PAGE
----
The U.S. Department of Transportation (DOT) has fined Virgin Atlantic Airways$50,000 for violating federal aviation laws and the Department’s rules prohibiting deceptive price advertising in air travel.
“When passengers buy an airline ticket, they have a right to know the full price they will have to pay,” said U.S. Transportation Secretary Ray LaHood. “We expect airlines to treat their passengers fairly and will take enforcement action when our price advertising rules are violated.”
For a period of time, Virgin Atlantic displayed advertisements on the Internet that did not provide direct access to information on taxes and fees that were in addition to the base fare. Instead, consumers who clicked on the advertised fare were taken to a page showing sample routes and prices where the type and amount of taxes and fees could be found in fine print only after scrolling to the bottom of the page.
Virgin Atlantic’s website violated DOT rules requiring any advertising that includes a price for air transportation to state the full price to be paid by the consumer, including all carrier-imposed surcharges. The only exception currently allowed is government-imposed taxes and fees that are assessed on a per-passenger basis, such as passenger facility charges, which may be stated separately from the advertised fare but must be clearly disclosed in the advertisement so that passengers can easily determine the full price they must pay. Internet fare listings may disclose these separate taxes and fees through a prominent link next to the fare stating that government taxes and fees are extra, and the link must take the viewer directly to information where the type and amount of taxes and fees are displayed. The rules apply to both U.S. and foreign carriers as well as ticket agents.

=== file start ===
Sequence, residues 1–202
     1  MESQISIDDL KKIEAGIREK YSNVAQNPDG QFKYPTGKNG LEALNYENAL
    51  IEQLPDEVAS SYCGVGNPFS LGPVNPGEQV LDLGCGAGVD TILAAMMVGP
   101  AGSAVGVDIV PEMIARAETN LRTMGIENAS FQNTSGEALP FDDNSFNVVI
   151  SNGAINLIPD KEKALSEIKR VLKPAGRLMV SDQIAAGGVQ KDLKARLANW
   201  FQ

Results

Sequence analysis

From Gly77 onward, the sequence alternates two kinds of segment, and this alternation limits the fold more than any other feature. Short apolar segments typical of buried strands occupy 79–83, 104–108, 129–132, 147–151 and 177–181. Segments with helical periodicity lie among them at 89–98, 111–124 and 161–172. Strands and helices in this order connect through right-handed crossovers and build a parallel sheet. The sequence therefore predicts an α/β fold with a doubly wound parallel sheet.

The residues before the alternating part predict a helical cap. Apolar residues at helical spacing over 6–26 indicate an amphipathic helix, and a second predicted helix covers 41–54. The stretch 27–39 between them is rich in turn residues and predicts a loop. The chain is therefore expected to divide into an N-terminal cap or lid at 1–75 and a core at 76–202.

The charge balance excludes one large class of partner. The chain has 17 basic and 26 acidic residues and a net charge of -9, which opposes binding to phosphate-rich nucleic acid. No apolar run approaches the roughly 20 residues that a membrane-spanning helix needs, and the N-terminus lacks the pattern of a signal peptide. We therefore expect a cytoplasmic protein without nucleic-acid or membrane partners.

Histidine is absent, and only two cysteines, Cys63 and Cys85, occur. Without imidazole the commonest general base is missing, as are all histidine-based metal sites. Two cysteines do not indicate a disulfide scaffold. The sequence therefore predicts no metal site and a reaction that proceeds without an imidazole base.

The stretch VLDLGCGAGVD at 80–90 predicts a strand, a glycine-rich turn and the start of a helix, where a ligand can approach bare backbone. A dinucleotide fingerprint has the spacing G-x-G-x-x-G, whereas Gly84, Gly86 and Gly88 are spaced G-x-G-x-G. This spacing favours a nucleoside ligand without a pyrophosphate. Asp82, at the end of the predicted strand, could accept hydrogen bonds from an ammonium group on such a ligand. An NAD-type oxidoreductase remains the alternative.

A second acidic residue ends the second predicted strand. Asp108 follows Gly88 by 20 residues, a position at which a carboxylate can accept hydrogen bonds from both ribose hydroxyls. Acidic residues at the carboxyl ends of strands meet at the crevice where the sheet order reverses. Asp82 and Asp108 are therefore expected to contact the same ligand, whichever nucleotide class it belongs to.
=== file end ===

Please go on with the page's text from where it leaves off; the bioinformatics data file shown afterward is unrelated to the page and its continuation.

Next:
Under DOT’s recently adopted consumer rule that enhances protections for air travelers, carriers and ticket agents will be required, among other things, to include all government taxes and fees in every advertised fare beginning Jan. 24, 2012.